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AVOCADO OIL PROJECT
At the request of community leaders from many village areas Tiamoyo Empower Project has been established to bring business and agricultural economic development to village communities.
There is a high proportion of women in the villages working hard to support the children emotionally, and financially. Many are single-mothers, or widows and many more still have ‘adopted’ other children who have been orphaned due to high Aids infection.
Encouraging, training, supporting and empowering these women, emotionally and financially will return many benefits to the community.
Hence our motto, “Empowering Leaders - Transforming communities”
Statement of development needs/issues
In many on the higher rainfall areas of Tanzania there is an abundance of avocados. These established trees were often self seeded and are mostly of unknown or mixed varieties but produce much fruit as well as providing shade and soil stabilisation on the sloping areas.
While the fruit is eaten in the local area, there is a surplus that is often left to rot or fed to the animals as the fruit has limited storage, and transports poorly. Most villagers can not afford the transport to get them to market and as the fruit bruises easily it does not fetch a high enough return to make it economical even if they did have access to a vehicle.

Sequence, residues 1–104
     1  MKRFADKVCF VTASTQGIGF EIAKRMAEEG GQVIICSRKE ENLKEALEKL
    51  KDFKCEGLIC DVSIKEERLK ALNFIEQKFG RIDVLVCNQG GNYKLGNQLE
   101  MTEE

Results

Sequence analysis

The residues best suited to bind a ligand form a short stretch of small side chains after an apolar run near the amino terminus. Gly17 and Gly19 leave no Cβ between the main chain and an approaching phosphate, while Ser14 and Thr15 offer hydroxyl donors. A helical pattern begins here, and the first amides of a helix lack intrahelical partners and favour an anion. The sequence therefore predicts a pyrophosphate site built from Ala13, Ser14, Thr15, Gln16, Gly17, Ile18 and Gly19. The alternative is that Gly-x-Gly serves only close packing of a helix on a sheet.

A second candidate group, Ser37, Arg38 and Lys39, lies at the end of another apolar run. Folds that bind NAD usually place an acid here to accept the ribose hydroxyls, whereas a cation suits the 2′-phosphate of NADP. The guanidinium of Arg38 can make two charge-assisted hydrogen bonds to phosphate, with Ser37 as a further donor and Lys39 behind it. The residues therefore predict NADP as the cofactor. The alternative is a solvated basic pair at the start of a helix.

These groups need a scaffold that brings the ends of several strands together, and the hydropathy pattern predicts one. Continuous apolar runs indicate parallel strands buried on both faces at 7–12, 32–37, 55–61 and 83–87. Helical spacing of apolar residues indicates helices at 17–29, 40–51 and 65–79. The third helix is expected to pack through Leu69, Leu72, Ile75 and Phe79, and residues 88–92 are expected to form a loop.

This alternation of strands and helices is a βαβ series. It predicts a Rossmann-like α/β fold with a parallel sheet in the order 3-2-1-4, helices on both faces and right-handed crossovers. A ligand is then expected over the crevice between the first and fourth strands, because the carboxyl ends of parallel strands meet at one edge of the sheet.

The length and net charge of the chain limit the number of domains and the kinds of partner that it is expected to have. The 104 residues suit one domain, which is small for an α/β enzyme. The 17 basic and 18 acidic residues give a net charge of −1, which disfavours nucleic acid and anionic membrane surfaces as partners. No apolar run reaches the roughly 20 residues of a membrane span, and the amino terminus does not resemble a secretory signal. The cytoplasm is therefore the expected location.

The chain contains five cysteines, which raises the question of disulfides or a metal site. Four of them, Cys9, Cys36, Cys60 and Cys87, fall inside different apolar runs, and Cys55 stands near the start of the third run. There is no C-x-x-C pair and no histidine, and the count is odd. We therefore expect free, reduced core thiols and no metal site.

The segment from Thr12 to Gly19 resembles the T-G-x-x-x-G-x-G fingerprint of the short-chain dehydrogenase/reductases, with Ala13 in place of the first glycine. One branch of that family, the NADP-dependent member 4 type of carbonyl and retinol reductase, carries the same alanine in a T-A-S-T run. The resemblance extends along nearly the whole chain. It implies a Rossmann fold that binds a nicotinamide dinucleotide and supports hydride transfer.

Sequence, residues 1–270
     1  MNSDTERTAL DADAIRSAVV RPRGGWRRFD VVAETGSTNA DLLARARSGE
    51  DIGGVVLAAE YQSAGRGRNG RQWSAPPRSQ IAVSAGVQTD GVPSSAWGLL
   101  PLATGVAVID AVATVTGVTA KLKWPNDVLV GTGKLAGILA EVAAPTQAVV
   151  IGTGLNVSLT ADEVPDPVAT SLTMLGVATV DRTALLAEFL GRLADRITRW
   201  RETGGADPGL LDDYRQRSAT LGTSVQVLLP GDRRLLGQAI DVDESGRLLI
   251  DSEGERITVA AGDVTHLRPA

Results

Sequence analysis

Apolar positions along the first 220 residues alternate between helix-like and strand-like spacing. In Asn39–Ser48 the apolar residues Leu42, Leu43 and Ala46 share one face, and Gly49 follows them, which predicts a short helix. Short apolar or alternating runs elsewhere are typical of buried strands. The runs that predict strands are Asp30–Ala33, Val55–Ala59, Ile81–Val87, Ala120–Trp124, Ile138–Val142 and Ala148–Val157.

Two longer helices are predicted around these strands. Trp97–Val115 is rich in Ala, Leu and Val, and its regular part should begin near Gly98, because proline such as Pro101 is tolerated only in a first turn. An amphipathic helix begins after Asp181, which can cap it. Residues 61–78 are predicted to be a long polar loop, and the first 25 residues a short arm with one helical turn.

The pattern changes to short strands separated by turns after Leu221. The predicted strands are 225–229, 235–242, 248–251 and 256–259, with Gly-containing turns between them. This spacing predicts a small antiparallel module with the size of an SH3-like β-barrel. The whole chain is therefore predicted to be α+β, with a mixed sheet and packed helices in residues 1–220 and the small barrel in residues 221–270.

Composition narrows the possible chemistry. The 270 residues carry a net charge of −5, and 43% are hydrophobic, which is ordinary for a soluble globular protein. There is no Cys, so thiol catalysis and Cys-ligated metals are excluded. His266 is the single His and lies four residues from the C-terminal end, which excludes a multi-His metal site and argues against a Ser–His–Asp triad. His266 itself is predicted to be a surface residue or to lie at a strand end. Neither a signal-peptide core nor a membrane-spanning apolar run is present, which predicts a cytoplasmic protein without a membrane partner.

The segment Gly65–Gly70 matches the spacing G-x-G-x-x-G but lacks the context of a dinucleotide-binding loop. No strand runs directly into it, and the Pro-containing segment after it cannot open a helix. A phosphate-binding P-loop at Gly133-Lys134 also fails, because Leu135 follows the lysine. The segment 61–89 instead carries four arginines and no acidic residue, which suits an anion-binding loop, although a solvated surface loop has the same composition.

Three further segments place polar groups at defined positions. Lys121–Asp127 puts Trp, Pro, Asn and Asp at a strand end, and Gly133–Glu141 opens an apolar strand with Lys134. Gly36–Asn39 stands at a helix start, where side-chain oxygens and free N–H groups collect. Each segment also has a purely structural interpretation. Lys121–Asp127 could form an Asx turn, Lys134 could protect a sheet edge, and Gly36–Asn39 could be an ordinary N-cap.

This fruit is a valuable and readily available resource. Which we can be utilised by turning it in to oil, which can then be stored, transported and sold. Making avocado oil is a highly labour intensive process, and required a filtration or separation machine but it does not require any other inputs hence it is a great option in low income villages. Avocado oil is a much sought after resource for the western food and cosmetic market. Currently countries like New Zealand and Australia, who produce high quality eating avocado oil can sell their product for Aus$50-120per litre, depending on quality and organic status.Lower quality oil is used by the cosmetic industry worldwide for products such as soap, moisturisers, hair products etc.
By empowering the community to take ownership of the company we believe we will avoid similar issues as local people need not worry that foreigners are taking over.
Initially we worked with a pilot group of women to perfect an extraction technique using small manually operated milk separators to separate the oil from the water in the fruit. During this time the women used the oil themselves or sold it locally. We now hope to raise funding to purchase a larger malaxer and filtration unit similar to those used by western countries to produce a high quality product.
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